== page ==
Archive for Celluloid Screams 2012

Celluloid Screams 2012: Day Three Coverage

Posted in Uncategorized with tags , , , , , , , , , , , , , , , , on November 1, 2012 by Hayley's Horror Reviews

Day Three proved to be the most spook-tastic day at Celluloid Screams with strong contenders in both genre features and shorts. Unfortunately Celluloid were unable to screen the UK premiere of Memory of the Dead due to a technical difficulty which could not have been rectified at the time. I missed Entity also due to taking a break, but I really hope I can view it soon as I’ve heard very good things. Sunday had so much to offer in terms of films and guests and was full of surprises!

Leyenda (2011) (UK Premiere) (Short)

This short from Spain plays out as a warped post-modern fairytale, reminiscent of the style and tone of the Brothers Grimm. A ten-year-old girl named Claudia reads her fairytale about a “big bad wolf” type creature much to her mother’s dismay on a car journey. When the family make a stop at the gas station, a mysterious woman appears and creates carnage and bloodshed. Leyenda is dark and brutal and holds no barriers, its a terrifying watch and requires a strong stomach, however the violence is done very well and leaves the heart racing.

Before Dawn (2012) + Q&A with Director/Actor Dominic Brunt and Producer/Actress Joanne Mitchell

With their marriage on the rocks Alex (Played by Dominic Brunt) and Meg (Played by Joanne Mitchell) retreat to the Yorkshire countryside in an attempt to fix their troubled relationship, but little do they know a zombie epidemic has spread across the area. As they attempt to fix their problems in a tense atmosphere, Meg soon falls victim to the virus after being attacked and bitten by a zombie, now Alex must do all he can and figure out what lengths he will go to in order to save his wife, will they be able to salvage what they have before its too late? Before Dawn incorporates stunning cinematography of the Yorkshire landscapes, and a sense of gritty British drama as it hybrids a social realist style with edge-of-the-seat, gory horror. The film is most definitely a refreshing take on the Zombie sub-genre. Joanne Mitchell proves that there are more avenues available to go down as a writer when it comes to the zombie concept rather than churning out a repetitive formula that’s been done over and over again. Along with Dominic Brunt’s direction, they really pull it off and the result is a relate-able story with identifiable characters.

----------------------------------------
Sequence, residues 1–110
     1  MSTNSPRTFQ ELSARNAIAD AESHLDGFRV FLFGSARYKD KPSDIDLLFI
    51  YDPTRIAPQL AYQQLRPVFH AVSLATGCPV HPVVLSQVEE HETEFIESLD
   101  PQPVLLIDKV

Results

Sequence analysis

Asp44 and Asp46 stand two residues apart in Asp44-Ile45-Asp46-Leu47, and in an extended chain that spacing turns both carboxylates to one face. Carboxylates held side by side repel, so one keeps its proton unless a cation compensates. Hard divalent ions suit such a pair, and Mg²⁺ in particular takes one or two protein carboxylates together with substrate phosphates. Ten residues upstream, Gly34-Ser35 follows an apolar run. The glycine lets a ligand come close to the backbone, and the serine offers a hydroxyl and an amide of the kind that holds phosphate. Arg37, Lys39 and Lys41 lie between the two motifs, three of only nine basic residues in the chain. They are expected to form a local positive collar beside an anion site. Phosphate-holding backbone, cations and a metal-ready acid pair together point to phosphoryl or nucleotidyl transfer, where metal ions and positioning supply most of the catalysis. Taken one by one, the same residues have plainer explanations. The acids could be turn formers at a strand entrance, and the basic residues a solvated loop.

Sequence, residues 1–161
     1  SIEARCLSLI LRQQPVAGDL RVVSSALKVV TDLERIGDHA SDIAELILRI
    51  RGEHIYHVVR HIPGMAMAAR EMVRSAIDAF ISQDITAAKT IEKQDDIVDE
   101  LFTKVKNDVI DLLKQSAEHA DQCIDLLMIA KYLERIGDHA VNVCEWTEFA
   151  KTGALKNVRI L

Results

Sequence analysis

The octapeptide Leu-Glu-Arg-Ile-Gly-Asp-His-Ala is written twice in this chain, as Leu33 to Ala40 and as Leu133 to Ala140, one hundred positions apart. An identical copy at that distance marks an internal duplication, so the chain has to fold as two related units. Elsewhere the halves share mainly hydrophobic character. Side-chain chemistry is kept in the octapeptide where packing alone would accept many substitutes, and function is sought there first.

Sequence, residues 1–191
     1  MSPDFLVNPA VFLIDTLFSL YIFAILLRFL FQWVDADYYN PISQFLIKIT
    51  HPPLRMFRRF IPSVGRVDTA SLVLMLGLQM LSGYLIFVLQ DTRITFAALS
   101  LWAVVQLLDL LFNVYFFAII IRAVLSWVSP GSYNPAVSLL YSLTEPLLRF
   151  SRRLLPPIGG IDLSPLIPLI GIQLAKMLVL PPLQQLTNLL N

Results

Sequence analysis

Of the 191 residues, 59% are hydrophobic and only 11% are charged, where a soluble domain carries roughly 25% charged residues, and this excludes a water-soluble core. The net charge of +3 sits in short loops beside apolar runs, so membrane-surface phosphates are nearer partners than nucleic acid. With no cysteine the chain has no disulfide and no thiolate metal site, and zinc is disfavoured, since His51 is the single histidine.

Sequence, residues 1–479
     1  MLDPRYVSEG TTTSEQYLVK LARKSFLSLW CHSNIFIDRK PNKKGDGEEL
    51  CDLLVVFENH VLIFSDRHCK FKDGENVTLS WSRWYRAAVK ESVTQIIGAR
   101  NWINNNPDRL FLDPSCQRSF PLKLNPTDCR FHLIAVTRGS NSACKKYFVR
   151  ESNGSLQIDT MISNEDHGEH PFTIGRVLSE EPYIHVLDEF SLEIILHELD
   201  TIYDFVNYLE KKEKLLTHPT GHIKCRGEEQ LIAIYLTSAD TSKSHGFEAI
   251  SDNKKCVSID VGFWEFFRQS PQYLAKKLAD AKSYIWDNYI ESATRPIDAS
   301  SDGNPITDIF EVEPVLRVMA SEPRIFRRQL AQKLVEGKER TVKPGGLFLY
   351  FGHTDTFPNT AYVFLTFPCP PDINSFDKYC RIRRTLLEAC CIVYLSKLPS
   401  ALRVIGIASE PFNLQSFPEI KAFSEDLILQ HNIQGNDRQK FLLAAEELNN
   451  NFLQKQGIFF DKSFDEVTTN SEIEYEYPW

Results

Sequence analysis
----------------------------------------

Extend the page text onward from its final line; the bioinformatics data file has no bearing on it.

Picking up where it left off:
Its every day life with a horror metaphor as a backdrop, Meg is very career driven while Alex is out of a job, the social and economical frustrations that affect many relationships in today’s society is therefore played out. Brunt and Mitchell ensure that the audience gains a sense of understanding and empathy with Alex and Meg and are compelled into their story. The whole scenario feels very naturalistic due to Dominic and Joanne’s existing chemistry and a lot of authenticity is brought into their performances. Nicky Evans is brilliant in a small role, his character Stephen’s scenes with Alex are great to watch with the right balance of humor and intensity. Apart from the performances, the FX used were outstanding and are some of the most detailed zombie make-up effects that have been featured in a recent horror film, Meg is barely recognizable when she turns. The FX team have achieved special effects of an impressive standard. Before Dawn is a must see and holds a wider appeal even beyond only genre fans. If you enjoy Horror, British realism or even Emmerdale and Shameless then this is the film for you!